Touch North

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I’m deeply fascinated with display-less technology. It’s an interesting challenge for interaction designers when you remove something we’re so accustomed to. This isn’t a frivolous gesture; when you minimize or remove the screen you open yourself up to deeper engagement with the world around you.

While we humans are highly visually oriented, we are defined as a species by our hands. They’ve shaped our evolution by enabling tool use. Therefor, to expand our bodies and ourselves in a visceral way I chose to enhance the capabilities of our hands. I did so by providing more information and capabilities to them.

I addressed this challenge that I created for myself by providing the ability to feel magnetic fields with the right hand. It’s commonly known that birds can see magnetic fields out of their right eye and I love the thought of providing a similar ability to humans.

The glove I made gives the wearer the ability to “feel” magnetic North through a vibrating motor on the wrist. This ability in the glove is activated by pointing, closing a circuit of conductive fabric between the middle finger and palm of the hand (Fig 2). As the wearer moves in a circle the glove vibrates with increasing intensity as North is zeroed in on (Fig 1). The wearer can also set a new heading by making a gesture of pulling a trigger with the index finger (closing yet another circuit of conductive fabric) (Fig 4). This can be reset back to North by bringing the thumb to the palm of the hand (a third circuit) (Fig 5). A distinct vibration, different than those used to alert the wearer to the presence of north, is used to communicate correct gesture input to the wearer.

Gestures and vibration

These simple gestures and vibration responses used to interact with the compass in the glove can be performed without visual attention. As such, wearing this glove as a tourist will provide clues as to your direction without necessitating viewing a map or a smartphone. Those tools serve a valuable role but pull the user out of the moment. Don Norman says that, “the goal (of wearable technology) being to avoid diverting the user’s attention and to provide relevant supplementary information only when needed.” I believe I have achieved this goal.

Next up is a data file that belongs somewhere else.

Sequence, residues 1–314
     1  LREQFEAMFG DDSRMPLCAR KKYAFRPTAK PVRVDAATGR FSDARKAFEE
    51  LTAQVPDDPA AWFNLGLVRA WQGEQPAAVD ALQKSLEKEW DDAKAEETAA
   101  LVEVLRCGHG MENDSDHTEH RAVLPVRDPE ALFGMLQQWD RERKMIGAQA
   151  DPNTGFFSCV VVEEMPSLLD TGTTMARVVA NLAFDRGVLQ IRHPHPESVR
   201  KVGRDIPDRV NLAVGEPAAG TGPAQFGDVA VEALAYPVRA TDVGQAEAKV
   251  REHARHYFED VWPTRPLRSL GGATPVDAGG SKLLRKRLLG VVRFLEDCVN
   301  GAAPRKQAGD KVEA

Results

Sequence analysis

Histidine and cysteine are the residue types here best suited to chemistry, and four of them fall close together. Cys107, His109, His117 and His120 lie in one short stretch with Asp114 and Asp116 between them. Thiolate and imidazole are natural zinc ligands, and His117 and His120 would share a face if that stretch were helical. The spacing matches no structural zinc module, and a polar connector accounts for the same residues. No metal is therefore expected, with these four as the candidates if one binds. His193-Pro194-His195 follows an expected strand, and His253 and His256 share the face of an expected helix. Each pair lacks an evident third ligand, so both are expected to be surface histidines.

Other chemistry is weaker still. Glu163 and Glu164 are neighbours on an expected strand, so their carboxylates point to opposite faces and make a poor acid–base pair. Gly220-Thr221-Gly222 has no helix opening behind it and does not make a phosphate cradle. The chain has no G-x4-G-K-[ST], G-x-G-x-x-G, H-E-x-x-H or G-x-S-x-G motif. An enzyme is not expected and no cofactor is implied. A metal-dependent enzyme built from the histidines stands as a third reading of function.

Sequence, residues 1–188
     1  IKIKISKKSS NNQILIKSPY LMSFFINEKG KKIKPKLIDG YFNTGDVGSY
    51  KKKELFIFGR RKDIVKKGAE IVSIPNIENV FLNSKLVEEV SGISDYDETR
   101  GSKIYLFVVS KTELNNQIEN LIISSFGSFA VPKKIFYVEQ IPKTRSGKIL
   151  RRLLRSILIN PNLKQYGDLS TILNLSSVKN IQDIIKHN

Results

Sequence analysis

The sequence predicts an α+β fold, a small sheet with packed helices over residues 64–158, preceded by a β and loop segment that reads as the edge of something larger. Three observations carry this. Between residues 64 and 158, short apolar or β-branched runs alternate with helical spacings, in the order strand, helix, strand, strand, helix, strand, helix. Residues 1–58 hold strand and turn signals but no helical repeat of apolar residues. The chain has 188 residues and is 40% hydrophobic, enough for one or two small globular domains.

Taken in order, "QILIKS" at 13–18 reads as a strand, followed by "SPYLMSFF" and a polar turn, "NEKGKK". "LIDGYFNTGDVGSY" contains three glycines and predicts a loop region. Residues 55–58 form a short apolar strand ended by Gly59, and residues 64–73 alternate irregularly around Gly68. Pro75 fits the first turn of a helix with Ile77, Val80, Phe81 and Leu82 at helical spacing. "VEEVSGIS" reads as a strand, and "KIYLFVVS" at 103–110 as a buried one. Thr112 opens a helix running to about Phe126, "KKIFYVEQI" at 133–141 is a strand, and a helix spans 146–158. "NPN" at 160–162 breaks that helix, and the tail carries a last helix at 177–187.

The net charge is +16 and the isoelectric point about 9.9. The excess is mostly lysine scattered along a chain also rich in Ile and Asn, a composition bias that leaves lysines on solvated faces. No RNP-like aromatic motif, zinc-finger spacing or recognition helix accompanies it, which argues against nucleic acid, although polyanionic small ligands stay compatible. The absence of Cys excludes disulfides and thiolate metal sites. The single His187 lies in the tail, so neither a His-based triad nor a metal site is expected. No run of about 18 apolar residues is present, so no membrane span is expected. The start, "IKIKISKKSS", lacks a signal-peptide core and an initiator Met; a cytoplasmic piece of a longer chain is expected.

Lilypad arduino
Conductive fabric
Conductive thread
Vibration motor
400mA battery
LED (for demonstration only)

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I used an existing capacitive screen enabled glove as the base of my project and affixed an extra finger pad and a palm pad to input the gestures. I sewed all the electronics to the back of the glove using conductive thread. To clean up my work afterwords I sewed a new layer on the back of the glove, hiding the electronics and conductive thread. I left the new layer open at the wrist, accessible by opening clasps, to allow me to access the circuits should I need to.



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